The day of the potter presented in Jirí Trnka’s The Hand (1965) starts happy and carefree. The man wakes up, does some stretches, greets his plant and starts working on a new flower pot. The peaceful setting is disrupted by a big hand, that knocks on the front door of the house the potter is living. Uninvited, the hand enters the house through the window and starts to sign what the potter has to do: make a statue of the hand.
The Hand is a colourful stop-motion film based on the Czechoslovakian puppetry traditions of the eighteenth century. Set in a dollhouse, the animation is accompanied by occasional beautiful sound effects, either to emphasise particular emotions or to express the sounds particular actions or props make. The puppets facial expressions are limited: only the shape of his thin lips shows whether the potter is happy or sad. His eyes are wide open all the time.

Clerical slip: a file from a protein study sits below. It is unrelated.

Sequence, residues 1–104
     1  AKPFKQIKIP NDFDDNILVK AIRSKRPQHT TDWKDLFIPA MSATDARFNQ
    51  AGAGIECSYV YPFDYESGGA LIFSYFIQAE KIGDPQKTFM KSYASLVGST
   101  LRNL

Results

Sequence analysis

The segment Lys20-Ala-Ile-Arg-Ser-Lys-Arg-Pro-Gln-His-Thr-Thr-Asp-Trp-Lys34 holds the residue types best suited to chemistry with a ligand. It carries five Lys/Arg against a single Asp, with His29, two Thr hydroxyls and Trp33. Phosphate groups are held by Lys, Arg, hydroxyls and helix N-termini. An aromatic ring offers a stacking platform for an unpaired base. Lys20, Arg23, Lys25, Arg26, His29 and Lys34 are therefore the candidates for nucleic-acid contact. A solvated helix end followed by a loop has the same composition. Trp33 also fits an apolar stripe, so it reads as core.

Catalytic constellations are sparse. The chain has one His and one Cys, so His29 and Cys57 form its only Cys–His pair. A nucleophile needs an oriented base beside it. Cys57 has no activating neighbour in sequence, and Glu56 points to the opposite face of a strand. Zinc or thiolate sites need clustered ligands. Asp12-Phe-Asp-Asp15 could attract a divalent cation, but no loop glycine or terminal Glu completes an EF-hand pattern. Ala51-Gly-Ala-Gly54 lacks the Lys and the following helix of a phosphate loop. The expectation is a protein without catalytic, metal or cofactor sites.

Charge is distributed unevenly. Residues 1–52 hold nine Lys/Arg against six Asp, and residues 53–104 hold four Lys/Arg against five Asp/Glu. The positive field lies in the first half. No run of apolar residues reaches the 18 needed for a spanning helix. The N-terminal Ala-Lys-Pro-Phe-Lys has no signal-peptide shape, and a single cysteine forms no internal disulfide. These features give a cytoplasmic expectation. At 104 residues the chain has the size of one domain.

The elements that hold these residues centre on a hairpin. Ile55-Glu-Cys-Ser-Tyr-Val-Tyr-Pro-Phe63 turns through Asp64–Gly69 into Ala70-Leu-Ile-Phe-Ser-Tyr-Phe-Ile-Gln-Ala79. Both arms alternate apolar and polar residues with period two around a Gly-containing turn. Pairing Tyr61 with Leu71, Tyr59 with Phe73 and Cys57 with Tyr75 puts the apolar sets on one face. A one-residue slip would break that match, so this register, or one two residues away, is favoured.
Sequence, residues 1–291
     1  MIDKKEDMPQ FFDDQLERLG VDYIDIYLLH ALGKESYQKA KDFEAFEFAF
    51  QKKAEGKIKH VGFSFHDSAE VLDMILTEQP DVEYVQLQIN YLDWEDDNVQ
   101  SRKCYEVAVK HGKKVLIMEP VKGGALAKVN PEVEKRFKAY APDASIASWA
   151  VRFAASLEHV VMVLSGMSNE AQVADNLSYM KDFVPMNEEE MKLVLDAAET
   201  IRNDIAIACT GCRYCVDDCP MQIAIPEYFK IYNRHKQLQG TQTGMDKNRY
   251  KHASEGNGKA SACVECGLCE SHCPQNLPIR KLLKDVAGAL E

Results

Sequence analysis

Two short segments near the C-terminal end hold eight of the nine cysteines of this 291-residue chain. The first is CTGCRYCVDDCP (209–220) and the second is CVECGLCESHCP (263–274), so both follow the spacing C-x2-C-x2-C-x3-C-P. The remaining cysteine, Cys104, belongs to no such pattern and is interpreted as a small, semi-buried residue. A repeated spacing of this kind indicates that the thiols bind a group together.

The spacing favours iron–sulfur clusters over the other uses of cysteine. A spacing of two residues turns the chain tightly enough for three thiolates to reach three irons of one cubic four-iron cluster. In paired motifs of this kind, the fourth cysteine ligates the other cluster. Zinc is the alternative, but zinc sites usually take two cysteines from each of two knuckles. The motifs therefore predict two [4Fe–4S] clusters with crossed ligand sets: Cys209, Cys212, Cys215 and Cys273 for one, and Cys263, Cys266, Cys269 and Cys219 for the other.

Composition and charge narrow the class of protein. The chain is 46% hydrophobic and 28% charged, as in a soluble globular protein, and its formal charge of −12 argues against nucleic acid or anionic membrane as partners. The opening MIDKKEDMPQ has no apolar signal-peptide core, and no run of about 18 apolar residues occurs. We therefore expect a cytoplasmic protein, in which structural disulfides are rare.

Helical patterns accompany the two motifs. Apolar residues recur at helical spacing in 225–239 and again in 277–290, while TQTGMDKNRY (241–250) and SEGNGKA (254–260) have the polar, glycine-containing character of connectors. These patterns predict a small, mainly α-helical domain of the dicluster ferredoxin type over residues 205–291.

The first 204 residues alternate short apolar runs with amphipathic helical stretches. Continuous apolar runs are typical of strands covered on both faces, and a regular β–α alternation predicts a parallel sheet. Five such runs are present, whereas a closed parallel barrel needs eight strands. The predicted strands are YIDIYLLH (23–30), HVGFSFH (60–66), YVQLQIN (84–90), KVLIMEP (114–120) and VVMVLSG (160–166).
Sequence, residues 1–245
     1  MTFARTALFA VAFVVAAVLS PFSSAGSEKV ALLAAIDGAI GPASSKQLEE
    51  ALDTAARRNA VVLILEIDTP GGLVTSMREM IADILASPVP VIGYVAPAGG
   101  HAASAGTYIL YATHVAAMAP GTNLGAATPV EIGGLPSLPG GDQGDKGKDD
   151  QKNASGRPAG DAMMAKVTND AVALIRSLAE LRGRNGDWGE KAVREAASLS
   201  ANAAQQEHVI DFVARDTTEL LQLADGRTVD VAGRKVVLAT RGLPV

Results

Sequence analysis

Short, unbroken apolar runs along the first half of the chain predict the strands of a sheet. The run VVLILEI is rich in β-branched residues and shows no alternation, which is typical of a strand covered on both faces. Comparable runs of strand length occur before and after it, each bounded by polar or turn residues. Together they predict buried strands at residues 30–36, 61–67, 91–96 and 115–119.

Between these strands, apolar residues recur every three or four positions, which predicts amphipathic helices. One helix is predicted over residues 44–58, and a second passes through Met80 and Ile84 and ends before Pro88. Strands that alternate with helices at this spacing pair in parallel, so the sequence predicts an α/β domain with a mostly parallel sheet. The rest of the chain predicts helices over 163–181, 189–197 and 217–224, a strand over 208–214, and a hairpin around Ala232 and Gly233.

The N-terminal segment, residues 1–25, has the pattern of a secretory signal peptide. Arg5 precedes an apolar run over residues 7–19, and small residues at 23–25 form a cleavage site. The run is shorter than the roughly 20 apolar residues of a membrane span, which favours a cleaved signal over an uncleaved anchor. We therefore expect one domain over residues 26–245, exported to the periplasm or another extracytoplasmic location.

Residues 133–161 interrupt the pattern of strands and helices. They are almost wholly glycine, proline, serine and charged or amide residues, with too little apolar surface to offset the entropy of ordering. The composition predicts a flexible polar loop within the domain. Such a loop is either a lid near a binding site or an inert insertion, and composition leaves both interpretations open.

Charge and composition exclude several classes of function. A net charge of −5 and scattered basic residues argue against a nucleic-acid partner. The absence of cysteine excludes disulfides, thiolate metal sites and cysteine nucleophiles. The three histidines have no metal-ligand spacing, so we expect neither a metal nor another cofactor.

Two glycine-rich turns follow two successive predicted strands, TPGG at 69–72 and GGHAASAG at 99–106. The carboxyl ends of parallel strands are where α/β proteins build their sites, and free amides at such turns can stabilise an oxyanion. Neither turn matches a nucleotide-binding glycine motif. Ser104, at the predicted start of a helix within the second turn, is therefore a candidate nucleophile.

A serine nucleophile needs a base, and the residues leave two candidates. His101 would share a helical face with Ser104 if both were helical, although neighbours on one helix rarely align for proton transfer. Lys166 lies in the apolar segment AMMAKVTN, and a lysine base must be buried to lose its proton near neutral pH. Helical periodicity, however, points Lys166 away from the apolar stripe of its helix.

The static nature of the potter’s face reinforces the oppressive (and at some point hypnotising) feeling caused by the situation he is caught in. The potter does everything to get the hand out of his house and refuses to obey its orders. However, the hand continues to bother the man with its propaganda, via a telephone call, a television broadcast and a newspaper. Eventually, the potter is caught in a trap and becomes the hand’s marionette.
The Hand represents the life of an artist who has to live in an oppressive political situation. It addresses an inner struggle of the artist: whether or not he or she should obey the demands of a government. The film clearly sympathises with the artist though. It represents the potter as a strong, stubborn man who ends up as a victim of the political order.
No wonder the Communist Czechoslovakian government interpreted the film as subversive back then, and decided not to distribute it. However, The Hand did receive international recognition and won some prizes at film festivals (the Jury Special Prize at Annecy, among others). Trnka never made another film after The Hand. He died in 1969, perhaps with the same feeling as the potter in his last film had at the end of his life.
The Hand can currently be found both on Vimeo and Youtube.